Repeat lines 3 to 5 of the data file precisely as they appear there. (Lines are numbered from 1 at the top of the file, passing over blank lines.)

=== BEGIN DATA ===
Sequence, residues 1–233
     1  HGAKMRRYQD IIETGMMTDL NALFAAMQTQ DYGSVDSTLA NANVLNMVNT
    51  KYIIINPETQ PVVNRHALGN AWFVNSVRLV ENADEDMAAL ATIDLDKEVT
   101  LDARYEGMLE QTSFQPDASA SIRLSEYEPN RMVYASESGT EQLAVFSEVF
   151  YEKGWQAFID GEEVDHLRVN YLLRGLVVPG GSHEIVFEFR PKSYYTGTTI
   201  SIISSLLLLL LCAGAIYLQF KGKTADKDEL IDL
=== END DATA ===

    51  KYIIINPETQ PVVNRHALGN AWFVNSVRLV ENADEDMAAL ATIDLDKEVT
   101  LDARYEGMLE QTSFQPDASA SIRLSEYEPN RMVYASESGT EQLAVFSEVF
   151  YEKGWQAFID GEEVDHLRVN YLLRGLVVPG GSHEIVFEFR PKSYYTGTTI